Thursday, July 23, 2009

Random thoughts on health care

Here's a random collection of my thoughts on the health care debate:

1) I've stated it before, but we are discussing the wrong issue with regards to health care in the US. The root problem we want to solve is making sure that health CARE is readily available to as many as possible, but instead, we keep trying to come up with ways to make health INSURANCE readily available to as many as possible without regard to whether that insurance will lead to accessible health care.

2) Our concept of health insurance isn't even insurance - it's just making our medical payments through a third party. How anyone thinks that any third party payment system (government or private) could ever be cheaper than patients paying directly for care is beyond me. The customer (patient) doesn't have any incentive to shop around or reduce their purchases to what is necessary and the seller has no incentive to keep prices down.

3) There are only two ways a government plan can keep costs down: A) they will ration care - so much for health care being a right (a common refrain by proponents of universal coverage) and B) they will force doctors to accept less in return for their services - unfortunately, this will lead to more individuals exercising their right to NOT become doctors and for existing doctors to exercise their right to retire - price caps ALWAYS make a given resource less available.

4) I certainly don't advocate this solution, but giving everyone an anual $2000 medical voucher to be used at any medical facility would probably be cheaper than anything being rammed through congress today. If individuals were permitted to rollover the unused portion of their voucher to the next year, they'd have an incentive to decide for themselves what care is necessary, price shop etc. Doctors would have incentive to compete on price.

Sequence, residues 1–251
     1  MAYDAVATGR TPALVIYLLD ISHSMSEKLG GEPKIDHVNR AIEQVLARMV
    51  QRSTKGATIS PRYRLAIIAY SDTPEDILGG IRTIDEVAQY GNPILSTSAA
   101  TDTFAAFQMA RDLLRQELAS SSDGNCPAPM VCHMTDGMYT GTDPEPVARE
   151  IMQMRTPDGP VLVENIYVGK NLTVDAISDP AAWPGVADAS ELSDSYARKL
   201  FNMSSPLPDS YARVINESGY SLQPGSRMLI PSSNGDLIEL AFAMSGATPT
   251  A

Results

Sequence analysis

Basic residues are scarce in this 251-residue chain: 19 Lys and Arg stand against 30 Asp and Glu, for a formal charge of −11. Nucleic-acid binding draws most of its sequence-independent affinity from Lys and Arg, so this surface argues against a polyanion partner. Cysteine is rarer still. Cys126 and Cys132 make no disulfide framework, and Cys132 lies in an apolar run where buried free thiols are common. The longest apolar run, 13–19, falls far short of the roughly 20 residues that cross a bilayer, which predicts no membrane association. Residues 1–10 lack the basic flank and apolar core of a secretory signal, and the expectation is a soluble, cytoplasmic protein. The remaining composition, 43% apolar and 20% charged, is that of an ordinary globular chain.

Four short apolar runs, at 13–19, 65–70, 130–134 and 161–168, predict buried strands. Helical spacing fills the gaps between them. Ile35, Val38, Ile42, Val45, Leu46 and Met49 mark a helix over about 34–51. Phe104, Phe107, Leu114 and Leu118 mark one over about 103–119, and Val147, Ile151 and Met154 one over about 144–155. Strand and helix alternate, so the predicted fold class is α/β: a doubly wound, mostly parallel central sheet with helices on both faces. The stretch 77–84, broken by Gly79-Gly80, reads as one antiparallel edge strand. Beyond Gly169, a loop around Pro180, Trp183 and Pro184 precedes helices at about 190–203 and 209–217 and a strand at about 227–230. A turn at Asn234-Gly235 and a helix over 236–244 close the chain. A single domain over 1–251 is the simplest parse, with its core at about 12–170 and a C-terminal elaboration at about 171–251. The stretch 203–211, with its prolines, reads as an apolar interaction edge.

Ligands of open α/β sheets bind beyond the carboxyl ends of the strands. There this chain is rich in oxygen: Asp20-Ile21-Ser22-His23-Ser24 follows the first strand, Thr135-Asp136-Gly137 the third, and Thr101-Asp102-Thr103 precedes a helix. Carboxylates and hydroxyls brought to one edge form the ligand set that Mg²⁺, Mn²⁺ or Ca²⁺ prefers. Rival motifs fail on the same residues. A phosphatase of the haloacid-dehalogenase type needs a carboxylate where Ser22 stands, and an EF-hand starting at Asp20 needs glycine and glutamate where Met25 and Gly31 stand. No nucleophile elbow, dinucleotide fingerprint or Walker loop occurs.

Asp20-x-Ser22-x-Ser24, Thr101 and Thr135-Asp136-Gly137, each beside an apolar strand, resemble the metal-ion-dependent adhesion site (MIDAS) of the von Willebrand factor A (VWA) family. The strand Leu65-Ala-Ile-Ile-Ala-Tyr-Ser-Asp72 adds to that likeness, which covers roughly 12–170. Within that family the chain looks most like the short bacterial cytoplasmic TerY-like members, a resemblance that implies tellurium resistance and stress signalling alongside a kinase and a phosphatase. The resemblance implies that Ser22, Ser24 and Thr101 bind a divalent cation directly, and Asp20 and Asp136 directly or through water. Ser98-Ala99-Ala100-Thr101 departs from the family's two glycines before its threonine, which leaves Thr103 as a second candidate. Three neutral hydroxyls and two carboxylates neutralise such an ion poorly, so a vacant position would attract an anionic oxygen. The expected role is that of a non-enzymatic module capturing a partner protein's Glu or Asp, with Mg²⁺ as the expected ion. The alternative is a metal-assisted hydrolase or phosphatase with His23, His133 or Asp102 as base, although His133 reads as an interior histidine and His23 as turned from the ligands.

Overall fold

5) Apparently, individuals have a right to force others to provide for their health, food, & housing, even though the US Constitution says nothing to that affect. However, individuals do NOT have the right to provide for their own self defense, even though the right to keep and bear arms is CLEARLY spelled out on the Constitution.

6) Once the government is responsible for providing for our medical well being, they own us. If we don't conform to their vision, they can just decide that our medical needs are less of a priority.

7) Socialism of any sort is not maintainable. As noted in item 3, the price caps necessary to keep expenses down will cause people to avoid medical/pharmaceutical fields altogether. The only way to continue such a vision is to FORCE people into medical practice. This is why citizens of communist countries have so little career choice. The government decides where an individuals talents are most needed and the individual does not have a choice.

8) Hopefully rather than devolving into communism, we will realize that although freedom does not mean that every individual will have all their needs met, no system does. Freedom gives every individual the CHANCE to have their needs met and meets more peoples needs than any other system in history.

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